The German government is reportedly blocking the deportation of Nazi war crimes suspects from the US back to Germany to be tried and punished.
German officials worry the suspects might join neo-Nazi groups
The German interior ministry has refused to accept the suspects even though the United States already has stripped them of their citizenship because of their World War II history and has asked Germany to take them in, according to a report on German public broadcaster ARD's TV magazine "Monitor."
Germany's refusal to accept the dozen or so Nazi war crimes suspects means that justice cannot be fully carried out in their cases as US law doesn't allow for them to be prosecuted for crimes committed outside the country. They entered the United States illegally after the World War II -- illegally, because they claimed on their immigration forms that they were not collaborators with the Nazi regime during the war.
However, it was later shown in US courts that they were indeed involved.
Inmates of the German KZ Buchenwald inside their barrack
"By and large we're talking about concentration camp guards, we're talking about collaborators, people who were involved in indigenous police forces, that kind of thing," said Jonathan Drimmer, the deputy director of the Office of Special Investigations at the US Department of Justice, who has been following the cases.
Not enough proof?
Germany, however, refuses to accept them. Asked by "Monitor" reporters for the reason, German interior ministry officials said the US had not given enough proof that the suspects were war criminals, despite repeated requests from Germany.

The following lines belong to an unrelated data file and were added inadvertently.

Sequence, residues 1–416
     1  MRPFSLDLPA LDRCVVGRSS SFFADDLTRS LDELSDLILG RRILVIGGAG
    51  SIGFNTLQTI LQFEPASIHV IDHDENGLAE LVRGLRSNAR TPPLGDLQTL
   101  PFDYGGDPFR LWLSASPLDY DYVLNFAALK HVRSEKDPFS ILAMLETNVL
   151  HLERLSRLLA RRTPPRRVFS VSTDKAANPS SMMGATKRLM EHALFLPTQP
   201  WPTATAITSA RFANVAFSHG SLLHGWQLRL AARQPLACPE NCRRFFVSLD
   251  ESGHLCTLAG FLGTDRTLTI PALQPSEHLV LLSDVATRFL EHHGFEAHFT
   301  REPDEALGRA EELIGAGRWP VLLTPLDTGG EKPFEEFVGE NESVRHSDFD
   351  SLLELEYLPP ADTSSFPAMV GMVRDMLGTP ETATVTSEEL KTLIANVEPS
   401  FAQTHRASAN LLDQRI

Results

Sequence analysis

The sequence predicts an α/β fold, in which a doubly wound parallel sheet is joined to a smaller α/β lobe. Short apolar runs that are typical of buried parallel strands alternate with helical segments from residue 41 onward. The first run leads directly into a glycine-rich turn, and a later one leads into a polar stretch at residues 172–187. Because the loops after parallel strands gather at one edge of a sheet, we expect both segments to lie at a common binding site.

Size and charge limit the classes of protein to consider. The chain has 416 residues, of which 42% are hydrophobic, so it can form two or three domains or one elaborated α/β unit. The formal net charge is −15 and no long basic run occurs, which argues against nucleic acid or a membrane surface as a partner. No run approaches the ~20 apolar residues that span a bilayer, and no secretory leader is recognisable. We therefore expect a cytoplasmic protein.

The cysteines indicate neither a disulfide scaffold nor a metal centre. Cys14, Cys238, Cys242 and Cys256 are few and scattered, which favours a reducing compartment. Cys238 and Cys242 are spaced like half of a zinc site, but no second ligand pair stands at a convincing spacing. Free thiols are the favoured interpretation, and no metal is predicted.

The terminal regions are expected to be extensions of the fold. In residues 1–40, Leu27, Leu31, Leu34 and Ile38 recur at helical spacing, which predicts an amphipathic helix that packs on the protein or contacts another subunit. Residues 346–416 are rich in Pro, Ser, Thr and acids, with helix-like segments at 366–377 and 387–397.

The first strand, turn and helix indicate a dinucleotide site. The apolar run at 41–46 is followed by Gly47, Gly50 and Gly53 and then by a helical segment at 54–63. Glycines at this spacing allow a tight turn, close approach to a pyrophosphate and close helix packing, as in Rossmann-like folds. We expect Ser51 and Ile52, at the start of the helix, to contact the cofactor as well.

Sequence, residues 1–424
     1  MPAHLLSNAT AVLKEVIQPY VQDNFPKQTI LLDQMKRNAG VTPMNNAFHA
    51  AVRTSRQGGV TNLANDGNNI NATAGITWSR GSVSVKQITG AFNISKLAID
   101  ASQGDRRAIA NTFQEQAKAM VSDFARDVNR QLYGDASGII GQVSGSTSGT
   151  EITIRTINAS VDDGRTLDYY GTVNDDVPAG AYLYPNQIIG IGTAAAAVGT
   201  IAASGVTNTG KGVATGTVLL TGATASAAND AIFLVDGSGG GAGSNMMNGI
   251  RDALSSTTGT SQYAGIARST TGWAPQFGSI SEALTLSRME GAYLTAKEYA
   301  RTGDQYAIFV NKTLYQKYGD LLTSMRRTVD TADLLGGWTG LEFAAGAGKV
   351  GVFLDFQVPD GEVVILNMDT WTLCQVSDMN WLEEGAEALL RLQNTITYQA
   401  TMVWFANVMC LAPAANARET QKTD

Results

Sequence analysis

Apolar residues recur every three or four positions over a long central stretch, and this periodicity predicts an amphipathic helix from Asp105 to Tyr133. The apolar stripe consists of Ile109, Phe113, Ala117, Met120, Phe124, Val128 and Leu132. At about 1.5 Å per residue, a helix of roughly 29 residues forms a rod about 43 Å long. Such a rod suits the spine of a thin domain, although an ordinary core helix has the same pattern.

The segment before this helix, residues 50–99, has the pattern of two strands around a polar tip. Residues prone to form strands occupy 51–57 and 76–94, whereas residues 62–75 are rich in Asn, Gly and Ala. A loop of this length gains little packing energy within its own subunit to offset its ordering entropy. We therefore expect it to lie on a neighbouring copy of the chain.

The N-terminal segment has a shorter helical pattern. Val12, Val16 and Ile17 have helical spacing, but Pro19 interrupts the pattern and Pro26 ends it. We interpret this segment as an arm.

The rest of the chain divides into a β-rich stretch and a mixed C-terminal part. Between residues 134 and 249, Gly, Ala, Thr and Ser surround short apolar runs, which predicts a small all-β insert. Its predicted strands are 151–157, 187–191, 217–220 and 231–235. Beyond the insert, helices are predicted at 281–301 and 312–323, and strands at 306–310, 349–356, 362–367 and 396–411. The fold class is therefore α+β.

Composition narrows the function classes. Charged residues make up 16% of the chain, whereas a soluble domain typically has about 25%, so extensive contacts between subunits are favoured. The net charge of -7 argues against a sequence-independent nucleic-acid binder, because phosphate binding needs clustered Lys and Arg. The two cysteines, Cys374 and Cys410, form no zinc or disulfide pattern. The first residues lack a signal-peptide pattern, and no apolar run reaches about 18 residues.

Deportation in such US court cases requires not criminal, but just civil, proceedings, with a burden of proof of "clear, convincing, and unequivocal evidence."
Drimmer said that Germany should accept the deportees, "pursuant to a written diplomatic promise that had been given in 1954 that people who had come into the United States illegally, who had misrepresented their Nazi past to get into the United States, would be taken back by Germany."
Neo-Nazis in front of Berlin's Brandenburg Gate
Interior ministry officials in Berlin countered that if Germany accepted the deportees, they would be supported by the German social system and possibly would involve themselves in the extreme right or anti-Semitic political activities. The officials also said Germany couldn't accept the deportees because of concerns about how this might affect the development of Germany's Jewish community.
Still, according to "Monitor" staffers, there is a separate governmental office in Germany which wants to go ahead with criminal proceedings against the suspects -- the Central Office for the Clarification of National Socialist Crimes, which is specifically responsible for coordinating prosecution of former Nazis.